Sean Karson didn’t hide his sexuality from other gay geeks. The Massachusetts Institute of Technology junior recently attended the Out For Undergraduate Technology Conference in Palo Alto, California.
While at the conference he tweeted:
Facebook, keep up the good work. The Out For Undergraduate Technology Conference was so much fun, and I hope I see you all again soon!— Sean Karson (@spongysean) February 8, 2013
That was just days before he came out to his baseball teammates, who had no idea Karson was gay.
According to the Boston Herald, he asked his coach, Andy Barlow, if he could have a few moments with him and his teammates, that’s when he decided to take the biggest risk of his playing career and come out to his team
“They came up and gave me high fives and said they’d have my back and everything,” he told the Boston Herald. “It was so supportive, it was ridiculous.”
Ridiculous is right. Karson said one of his inspirations on coming out was James Nutter, a former college baseball player, who was so scared about the possible repercussions he pondered taking his life rather than coming out to his teammates.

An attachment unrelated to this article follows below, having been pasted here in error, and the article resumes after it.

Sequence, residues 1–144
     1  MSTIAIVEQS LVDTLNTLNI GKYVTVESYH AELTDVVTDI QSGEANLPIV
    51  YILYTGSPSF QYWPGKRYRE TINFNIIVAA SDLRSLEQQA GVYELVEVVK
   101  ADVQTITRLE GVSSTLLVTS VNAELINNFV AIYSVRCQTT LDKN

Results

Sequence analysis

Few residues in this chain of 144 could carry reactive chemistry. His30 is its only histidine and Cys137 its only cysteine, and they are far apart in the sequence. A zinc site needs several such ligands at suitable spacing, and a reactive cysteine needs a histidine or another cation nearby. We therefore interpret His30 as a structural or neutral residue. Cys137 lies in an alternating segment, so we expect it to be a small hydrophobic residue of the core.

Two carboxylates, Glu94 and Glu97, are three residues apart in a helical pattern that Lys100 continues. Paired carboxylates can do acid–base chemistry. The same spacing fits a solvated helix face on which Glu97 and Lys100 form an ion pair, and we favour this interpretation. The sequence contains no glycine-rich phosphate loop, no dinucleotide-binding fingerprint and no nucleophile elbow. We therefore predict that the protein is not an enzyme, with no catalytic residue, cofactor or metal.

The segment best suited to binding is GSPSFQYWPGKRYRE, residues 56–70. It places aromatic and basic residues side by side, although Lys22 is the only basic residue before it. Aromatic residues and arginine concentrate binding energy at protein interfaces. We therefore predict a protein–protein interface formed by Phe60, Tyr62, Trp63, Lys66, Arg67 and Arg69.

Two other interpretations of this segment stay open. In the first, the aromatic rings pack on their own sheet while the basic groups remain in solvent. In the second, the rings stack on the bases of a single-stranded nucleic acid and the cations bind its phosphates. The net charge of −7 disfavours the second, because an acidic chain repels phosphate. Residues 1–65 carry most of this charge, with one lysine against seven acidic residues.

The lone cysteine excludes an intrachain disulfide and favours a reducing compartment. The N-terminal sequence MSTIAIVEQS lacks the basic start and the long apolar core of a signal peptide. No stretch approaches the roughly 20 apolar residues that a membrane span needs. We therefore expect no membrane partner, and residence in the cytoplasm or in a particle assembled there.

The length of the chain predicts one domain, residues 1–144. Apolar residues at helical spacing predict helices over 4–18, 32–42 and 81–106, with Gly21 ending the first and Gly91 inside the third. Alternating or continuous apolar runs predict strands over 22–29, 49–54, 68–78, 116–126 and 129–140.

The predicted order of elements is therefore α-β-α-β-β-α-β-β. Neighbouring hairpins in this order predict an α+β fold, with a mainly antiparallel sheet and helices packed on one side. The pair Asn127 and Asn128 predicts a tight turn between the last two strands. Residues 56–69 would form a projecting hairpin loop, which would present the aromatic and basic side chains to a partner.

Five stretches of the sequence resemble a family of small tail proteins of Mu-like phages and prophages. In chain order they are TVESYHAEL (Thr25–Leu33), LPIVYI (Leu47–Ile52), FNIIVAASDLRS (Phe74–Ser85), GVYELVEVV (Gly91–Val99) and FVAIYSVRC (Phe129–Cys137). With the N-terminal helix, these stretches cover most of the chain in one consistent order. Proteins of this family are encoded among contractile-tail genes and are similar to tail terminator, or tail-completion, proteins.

Nutter told SFGN he and Karson had been emailing each other in the days prior to his coming out.
“That was really brave of Sean. Coming out like that took a lot of guts,” Nutter said.
That night after coming out, the emotions of what Karson had just done finally got to him.
“I barely held it together,” Karson said. “I was probably not the most coherent person when I was giving that speech, but that was the third time I cried in the past week. And this is the fourth, I guess.”
Karson said that only a few of his teammates were reserved after his speech, but that they did email him to offer their respect to him.
Nutter never had his teammates respect or support because he was closeted.
He said that the jokes and slurs he heard in the locker room hit him hard, and were the driving force behind his contemplated suicide.
Karson hopes no more athletes have to worry about coming out in the near future.
“I can’t wait to see what [the future] brings, actually,” Karson told the Boston Herald. “But sports are never going to be a scary place for LGBT people again. The locker room is going to be a safe space everywhere.”